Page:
Therefore when two products flew my way last week, I was straight to the colour charts, finding out what they can. The first product was getting my hands on every colour in the range of The Society for All Artists own brand of watercolours and the second, Dr. Ph Martins' Bombay inks.
SAA's own brand watercolour tubes
 So, I hear you ask, why make a colour chart? I'm often mocked (mostly by my husband) that I am compelled to organise everything in to a list of some description but hear me out, while I do gravitate towards order, I make a colour chart as it is one of the easiest forms of testing a product to see what it does. In the case of the watercolours, I can familiarise myself with colour names and what the range is offering me while noticing how they squeeze out on to the palette, their consistency, how they mix, how they react with the paper etc. all in a very low impact way. Maybe it would be better to plough straight in to using them in a painting, but we all know how much of ourselves we put in to a piece, I wouldn't want to get distracted by the medium I was using, I want it to do the very best job it can for me.
Laying out the colour chart
In the case of the Bombay inks, I had used them years ago, gradually using up all my supplies until I was left with just a bottle of their black, and I've found them to be one of the best brands of ink on the market. I was never able to find a reliable and reasonably priced source until recently when the SAA started stocking them, so I treated my self to two sets and when they arrived, couldn't wait to see if they were as I remembered them and I'm glad to say that they were. The colours are just glorious, beautifully transparent while being waterproof which will make them a wonderful addition to the range of water based media I work with.
The inks at work
Now, when I use either of the products in my classes, I'm also able to show what colours are produced in the range and what they look like on paper, as sometimes it can be tricky to choose from a catalogue or a computer screen.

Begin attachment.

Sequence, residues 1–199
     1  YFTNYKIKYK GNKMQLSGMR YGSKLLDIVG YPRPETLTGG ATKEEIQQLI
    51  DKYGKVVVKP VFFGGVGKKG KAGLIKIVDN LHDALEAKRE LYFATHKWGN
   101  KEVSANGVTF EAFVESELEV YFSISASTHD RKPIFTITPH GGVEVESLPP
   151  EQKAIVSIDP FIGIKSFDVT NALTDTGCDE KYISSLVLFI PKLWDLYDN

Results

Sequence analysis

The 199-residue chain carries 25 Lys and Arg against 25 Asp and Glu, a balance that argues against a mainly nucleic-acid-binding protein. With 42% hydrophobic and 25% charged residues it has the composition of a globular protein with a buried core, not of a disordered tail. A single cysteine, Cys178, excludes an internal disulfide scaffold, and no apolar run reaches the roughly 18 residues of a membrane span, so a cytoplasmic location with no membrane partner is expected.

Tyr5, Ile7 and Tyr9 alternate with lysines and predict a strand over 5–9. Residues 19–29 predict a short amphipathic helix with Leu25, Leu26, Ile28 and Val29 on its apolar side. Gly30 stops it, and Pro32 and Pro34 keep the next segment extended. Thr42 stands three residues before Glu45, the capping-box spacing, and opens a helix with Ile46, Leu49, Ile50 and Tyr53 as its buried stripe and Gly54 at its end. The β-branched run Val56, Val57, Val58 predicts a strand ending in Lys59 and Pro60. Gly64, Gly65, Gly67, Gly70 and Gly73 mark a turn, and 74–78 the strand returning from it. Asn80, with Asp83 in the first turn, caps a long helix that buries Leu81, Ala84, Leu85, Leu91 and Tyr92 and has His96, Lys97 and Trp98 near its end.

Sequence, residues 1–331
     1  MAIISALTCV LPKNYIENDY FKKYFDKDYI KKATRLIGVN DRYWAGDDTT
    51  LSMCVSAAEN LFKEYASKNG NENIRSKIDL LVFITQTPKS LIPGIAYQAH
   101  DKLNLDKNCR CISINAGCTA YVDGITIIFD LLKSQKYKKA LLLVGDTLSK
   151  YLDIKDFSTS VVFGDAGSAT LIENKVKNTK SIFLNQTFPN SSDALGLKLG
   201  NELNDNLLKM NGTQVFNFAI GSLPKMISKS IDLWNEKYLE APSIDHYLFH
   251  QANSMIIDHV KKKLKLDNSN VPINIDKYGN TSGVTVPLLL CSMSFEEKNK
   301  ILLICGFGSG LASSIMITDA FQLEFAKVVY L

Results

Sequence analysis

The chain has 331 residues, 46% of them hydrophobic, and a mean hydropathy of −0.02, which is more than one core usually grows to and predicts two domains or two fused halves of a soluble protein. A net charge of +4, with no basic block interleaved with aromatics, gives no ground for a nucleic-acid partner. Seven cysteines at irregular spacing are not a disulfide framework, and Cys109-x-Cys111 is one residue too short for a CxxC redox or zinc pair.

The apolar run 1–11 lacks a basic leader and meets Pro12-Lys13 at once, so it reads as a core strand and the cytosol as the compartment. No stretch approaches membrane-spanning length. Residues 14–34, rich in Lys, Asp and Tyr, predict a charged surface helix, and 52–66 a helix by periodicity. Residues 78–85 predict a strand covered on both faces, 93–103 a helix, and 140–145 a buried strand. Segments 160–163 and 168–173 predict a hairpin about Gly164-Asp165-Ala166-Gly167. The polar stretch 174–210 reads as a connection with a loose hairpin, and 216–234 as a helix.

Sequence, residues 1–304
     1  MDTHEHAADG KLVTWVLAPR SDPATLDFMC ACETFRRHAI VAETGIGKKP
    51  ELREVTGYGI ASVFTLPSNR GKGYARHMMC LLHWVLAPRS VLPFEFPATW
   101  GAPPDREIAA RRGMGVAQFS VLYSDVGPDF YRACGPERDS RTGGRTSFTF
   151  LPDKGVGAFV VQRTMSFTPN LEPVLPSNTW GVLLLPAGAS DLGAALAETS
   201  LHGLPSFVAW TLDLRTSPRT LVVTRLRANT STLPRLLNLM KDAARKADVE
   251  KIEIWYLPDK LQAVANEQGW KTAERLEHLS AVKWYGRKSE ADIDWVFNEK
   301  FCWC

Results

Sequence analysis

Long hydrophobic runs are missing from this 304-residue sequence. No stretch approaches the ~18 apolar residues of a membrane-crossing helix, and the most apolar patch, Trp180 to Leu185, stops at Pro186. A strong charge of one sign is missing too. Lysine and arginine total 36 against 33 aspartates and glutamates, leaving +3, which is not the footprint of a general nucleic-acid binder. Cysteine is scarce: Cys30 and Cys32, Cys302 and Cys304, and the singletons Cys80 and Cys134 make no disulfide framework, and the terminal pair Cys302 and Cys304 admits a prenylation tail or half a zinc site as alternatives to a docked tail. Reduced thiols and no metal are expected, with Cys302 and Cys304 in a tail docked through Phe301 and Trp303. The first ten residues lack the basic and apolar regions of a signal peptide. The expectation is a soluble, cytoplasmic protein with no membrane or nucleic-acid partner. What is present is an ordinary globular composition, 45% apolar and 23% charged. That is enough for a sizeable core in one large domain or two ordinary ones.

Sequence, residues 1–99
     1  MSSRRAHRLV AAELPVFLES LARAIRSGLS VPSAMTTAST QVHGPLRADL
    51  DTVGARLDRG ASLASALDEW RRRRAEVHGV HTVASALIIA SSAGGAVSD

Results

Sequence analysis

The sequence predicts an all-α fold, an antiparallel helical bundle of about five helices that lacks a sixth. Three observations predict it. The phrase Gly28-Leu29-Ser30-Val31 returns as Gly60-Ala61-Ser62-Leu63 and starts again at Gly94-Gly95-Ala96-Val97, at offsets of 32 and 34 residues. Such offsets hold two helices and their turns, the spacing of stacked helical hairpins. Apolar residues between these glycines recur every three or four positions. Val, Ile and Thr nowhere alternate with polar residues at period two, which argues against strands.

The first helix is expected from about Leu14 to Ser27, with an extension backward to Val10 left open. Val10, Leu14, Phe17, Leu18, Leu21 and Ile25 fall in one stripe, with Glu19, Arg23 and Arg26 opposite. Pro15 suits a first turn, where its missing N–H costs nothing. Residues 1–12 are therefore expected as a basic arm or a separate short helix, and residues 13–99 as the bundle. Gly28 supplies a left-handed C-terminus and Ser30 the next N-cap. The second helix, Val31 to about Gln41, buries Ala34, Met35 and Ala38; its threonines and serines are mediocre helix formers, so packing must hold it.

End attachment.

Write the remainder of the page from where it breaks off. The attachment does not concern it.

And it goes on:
I have a full week of classes ahead and I'm particularly looking forward to a 'Hare' workshop in my studio on Saturday when I'm hoping to demonstrate these products for everyone to see. Have a great week everyone.

Tuesday, 25 August 2015

Come back blog, all is forgiven

Eeek! A badly neglected blog is neither use nor ornament and in my job, not helping people to find me either. SO today is set aside with the job of updating some of my neglected social media in order to unify my profile.
What it actually demonstrates is how busy I've been over the last year, which is definitely not a bad thing but make me wonder if I've lost any of you along the way? Well, it is now time for me to put that right and become a more dedicated blogger for you all.
Yesterday saw the launch of my 2016 course brochure, an exercise which has seen me awake until 2a.m. checking dates and times as my worst fear is that I double book myself but I'm really pleased with the brochure and for the first year ever, I've released all of the dates at once. I used to only give out a term at a time but it seemed silly to know what I was doing and not tell everyone else too.
I often get asked about 'what I do' and saying 'Artist' doesn't really seem to sum it up as, with many jobs, people have a preconceived idea of what that entails. Now don't get me wrong, I'm not the sort of person who thinks that their job is tougher than people realise, it's just that the word 'artist' conjures up someone starving in a garret and not the diverse range of skills I've had to acquire over the last 20 years. I don't think most people realise that I spend far more time on admin than I actually do painting. Part of it is because I teach, which means I need to advertise, plan and organise (and I am the OCD Queen of organisation) but making sure people know who I am takes a huge amount of time. Which brings me full circle, I've neglected my blog and therefore, must do better. Hopefully I can entice you back with what I'm up to over the next few months and will endeavour to be a better blogger.
If you would like to view my 2016 course brochure, you can do so via the Issuu site here:
2016 Course, Workshop & Painting Holiday Brochure